Playwright, The Hundred Flowers Project
The central story of The Hundred Flowers Project involves a group of Asian actors making a play about Mao Tse-Tung called The Hundred Flowers Project, and, in a surrealistic twist, the play they are working on morphs into a play about the making of the play itself. Because of this play-within-a-play structure, I’m often met- when I describe the premise to people- with responses like: “Ooo, very meta.” It’s a response tinged with benevolent irony, as if the person is saying: “Good for you, trying something out. You must be aware this play-within-a-play thing’s been done ad nauseam, and I already feel above it and won’t think it’s clever... but good for you!”
For this reason, I’ve always been a little uncomfortable referring to the play as a “meta- theatrical” play, if for no other reason than the term “meta-theater” carries with it said whiff of lazy gimmickry, of making an easy grab for audience engagement. After all, what better way to have an audience feel connected to your play than to introduce a perspective that is outside the play looking in (their perspective)?
I just looked up the definition of “meta” online, and according to the hallowed e-tome Dictionary.com, it is only in the 21st Century lexicon that “meta” is used to mean self-referential and parodic. This usage in turn has origins in the Greek usage which means (among other definitions) “beyond.” I like this way of thinking better. To me, plays with special goals of pushing an audience toward a heightened awareness of their immediate surroundings (like the mechanics of the medium they are immediately experiencing in a theater space) are not engaging in inward-looking navel gazing. Instead, they are laying the groundwork for an audience to think “beyond.”
There’s a long tradition of plays using the subject of theater itself as a means of questioning the boundaries between performance and reality. Recently there’s David Ives’ Venus in Fur and Jackie Sibblies Drury’s We Are Proud to Present... (presented at last year’s BAPF), and all this traces back to Luigi Pirandello’s Six Characters in Search of an Author. Then there’s a wide range of plays containing varying degrees of meta-ness for different purposes. Will Eno’s Thom Pain has a strain of the self-referential that has the uncanny effect of pulling us deeper into the psyche of the monologist; and Bertolt Brecht’s alienation theory contends that the artifice of theater should be acknowledged upfront as a starting point from which to examine social issues.
If you think about it, all theater is “meta.” Every play requires the audience to both acknowledge the artifice, then think beyond, even if this is a subconscious process. All theater demands that an audience take in a set of abstractions- these blocks make a living room, these two actors symbolize an entire village- and let real emotions and meaning seep through. By challenging conventional structure, plays that have strains of “meta-ness” challenge the notion that there is only one set way of suspending disbelief. I have found that when a piece of theater manages to transport me to another place after initially laying bare all its tricks and methods, after making me (initially) hyperaware that I am sitting in a theater, the journey usually has a uniquely transcendent kind of magic.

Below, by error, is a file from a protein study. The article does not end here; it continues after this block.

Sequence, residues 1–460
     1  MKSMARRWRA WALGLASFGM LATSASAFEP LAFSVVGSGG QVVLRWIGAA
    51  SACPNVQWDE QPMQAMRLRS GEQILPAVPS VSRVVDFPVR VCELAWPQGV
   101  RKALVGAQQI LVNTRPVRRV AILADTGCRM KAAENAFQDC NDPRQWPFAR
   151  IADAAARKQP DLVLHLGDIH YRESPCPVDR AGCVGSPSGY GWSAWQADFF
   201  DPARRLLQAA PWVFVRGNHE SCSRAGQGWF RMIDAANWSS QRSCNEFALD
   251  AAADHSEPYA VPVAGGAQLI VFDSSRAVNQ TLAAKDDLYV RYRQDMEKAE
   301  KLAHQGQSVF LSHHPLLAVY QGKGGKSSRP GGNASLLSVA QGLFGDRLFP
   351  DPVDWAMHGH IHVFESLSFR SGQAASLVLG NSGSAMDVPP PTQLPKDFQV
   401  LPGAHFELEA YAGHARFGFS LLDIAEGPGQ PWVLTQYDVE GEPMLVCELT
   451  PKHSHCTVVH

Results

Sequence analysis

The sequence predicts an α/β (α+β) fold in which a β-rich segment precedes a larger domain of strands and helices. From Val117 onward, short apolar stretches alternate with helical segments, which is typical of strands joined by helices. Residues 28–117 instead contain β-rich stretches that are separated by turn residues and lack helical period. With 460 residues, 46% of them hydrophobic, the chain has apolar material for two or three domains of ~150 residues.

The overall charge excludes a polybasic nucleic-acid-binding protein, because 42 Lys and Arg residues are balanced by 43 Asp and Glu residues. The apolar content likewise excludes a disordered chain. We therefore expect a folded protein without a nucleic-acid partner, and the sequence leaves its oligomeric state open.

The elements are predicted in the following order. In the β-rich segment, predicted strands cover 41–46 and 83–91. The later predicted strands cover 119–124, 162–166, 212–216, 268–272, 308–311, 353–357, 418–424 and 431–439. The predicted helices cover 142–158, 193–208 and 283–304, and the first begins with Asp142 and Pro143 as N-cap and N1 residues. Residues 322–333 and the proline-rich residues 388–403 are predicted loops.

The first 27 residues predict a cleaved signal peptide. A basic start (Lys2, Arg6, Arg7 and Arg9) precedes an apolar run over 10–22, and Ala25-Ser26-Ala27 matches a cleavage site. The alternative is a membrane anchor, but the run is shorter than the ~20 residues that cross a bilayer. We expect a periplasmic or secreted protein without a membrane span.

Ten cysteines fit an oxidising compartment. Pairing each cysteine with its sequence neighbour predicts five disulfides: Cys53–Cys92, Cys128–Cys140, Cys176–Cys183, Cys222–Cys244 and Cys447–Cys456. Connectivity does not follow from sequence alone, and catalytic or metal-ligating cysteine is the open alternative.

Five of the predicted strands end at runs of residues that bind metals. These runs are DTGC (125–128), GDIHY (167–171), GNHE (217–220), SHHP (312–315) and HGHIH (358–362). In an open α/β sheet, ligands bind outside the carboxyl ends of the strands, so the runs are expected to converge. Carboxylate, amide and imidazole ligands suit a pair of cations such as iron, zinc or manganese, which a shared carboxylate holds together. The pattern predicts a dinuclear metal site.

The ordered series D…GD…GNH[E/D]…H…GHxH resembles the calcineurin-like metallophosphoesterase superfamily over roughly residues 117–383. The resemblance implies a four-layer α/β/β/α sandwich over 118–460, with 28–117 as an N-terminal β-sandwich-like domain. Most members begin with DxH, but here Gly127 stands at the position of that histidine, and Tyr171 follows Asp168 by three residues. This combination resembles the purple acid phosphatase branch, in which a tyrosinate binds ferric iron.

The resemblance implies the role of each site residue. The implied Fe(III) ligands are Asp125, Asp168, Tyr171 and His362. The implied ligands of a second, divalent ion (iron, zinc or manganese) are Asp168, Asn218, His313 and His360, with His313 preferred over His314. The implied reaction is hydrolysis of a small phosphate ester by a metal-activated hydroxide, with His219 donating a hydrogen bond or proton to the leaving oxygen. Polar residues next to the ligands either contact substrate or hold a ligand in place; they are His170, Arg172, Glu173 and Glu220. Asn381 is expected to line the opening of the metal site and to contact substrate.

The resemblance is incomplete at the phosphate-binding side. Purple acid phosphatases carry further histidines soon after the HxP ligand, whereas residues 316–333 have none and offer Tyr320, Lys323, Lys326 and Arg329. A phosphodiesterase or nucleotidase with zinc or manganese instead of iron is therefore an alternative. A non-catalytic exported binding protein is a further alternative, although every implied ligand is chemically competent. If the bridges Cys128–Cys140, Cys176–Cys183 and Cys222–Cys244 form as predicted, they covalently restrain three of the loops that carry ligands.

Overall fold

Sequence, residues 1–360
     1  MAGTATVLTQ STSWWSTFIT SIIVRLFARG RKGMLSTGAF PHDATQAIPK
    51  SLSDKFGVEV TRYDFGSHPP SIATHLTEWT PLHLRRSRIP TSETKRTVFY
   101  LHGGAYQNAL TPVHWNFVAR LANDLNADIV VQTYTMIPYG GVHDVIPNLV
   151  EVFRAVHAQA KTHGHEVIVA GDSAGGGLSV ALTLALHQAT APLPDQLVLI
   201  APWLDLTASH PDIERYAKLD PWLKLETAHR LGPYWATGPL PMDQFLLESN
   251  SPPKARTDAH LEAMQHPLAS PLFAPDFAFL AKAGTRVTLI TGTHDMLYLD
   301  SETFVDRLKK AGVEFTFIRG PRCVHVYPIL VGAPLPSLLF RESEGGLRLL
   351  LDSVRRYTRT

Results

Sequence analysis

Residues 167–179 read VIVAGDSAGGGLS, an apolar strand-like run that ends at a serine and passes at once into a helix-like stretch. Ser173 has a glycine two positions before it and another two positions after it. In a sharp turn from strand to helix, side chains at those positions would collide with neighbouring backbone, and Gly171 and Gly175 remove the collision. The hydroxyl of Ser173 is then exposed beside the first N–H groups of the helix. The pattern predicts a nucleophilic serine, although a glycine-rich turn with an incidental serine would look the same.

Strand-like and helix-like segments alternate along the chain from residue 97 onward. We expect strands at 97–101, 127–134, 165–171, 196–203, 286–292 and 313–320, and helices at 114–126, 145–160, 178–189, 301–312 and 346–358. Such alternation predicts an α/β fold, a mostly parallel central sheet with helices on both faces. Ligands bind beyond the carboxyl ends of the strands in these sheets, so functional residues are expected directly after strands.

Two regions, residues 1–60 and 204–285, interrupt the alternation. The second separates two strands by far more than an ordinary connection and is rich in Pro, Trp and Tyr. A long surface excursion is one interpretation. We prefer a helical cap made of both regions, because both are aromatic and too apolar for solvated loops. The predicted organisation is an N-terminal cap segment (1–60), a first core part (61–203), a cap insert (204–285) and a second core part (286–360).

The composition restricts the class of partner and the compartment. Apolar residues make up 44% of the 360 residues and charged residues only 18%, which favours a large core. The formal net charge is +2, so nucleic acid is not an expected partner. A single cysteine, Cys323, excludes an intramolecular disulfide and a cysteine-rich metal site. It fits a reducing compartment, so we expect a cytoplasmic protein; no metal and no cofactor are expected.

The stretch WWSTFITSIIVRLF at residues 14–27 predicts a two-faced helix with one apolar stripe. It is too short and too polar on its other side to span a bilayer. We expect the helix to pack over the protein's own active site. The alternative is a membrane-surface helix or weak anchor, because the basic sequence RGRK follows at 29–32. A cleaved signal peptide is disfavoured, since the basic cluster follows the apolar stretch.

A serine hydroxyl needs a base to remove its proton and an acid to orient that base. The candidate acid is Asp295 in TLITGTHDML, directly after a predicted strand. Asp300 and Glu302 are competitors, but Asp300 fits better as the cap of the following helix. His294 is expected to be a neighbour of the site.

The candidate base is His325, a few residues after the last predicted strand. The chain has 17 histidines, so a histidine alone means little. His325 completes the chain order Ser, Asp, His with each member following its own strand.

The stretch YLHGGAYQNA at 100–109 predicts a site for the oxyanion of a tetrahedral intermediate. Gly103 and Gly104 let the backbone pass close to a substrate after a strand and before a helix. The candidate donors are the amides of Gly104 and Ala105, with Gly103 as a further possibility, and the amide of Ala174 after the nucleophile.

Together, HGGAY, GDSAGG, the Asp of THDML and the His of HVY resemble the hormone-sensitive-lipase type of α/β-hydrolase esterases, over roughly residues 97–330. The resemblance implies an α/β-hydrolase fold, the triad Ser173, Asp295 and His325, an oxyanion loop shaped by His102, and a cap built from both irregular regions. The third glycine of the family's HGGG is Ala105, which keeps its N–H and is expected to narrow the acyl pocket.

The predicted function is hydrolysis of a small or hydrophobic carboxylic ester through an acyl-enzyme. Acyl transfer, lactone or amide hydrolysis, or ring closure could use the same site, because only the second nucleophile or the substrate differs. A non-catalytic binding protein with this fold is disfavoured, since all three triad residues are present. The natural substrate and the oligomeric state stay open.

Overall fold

Not only is a meta-theater piece fun and challenging to watch, but it is also fun and challenging to write. I have found that my own struggles and joys in writing The Hundred Flowers Project have already seeped into the piece itself, making this feel like one of the most honest pieces I’ve written. This dichotomy of honesty seeping through artifice is, again, at the root of all theater, making theater itself the grandest metaphor of all. My take on Mao’s reign is that his massive social experiment was akin to a highly choreographed and immersive theatrical production, with real lives with real stakes pushing against this under the surface.
Flowers explores the ways in which people are simultaneously seduced and oppressed by various structures- from structures of government to structures of artmaking to structures of relationships. In writing the piece, I found an exciting freedom in allowing the play to refer to itself, to the architecture of its own medium; it allowed me to tease out a whole new range of complex shades of this humanity-pushing-against-structure dynamic. It’s the idea of taking a perspective from the beyond in order to look further beyond.
At least that’s the meta-goal.
Christopher Chen's play The Hundred Flowers Project will be read as part of the 35th Bay Area Playwrights Festival July 22 & 29 at the Thick House. For ticket info click here
The Hundred Flowers Project is Co-Produced by Crowded Fire Theatre Company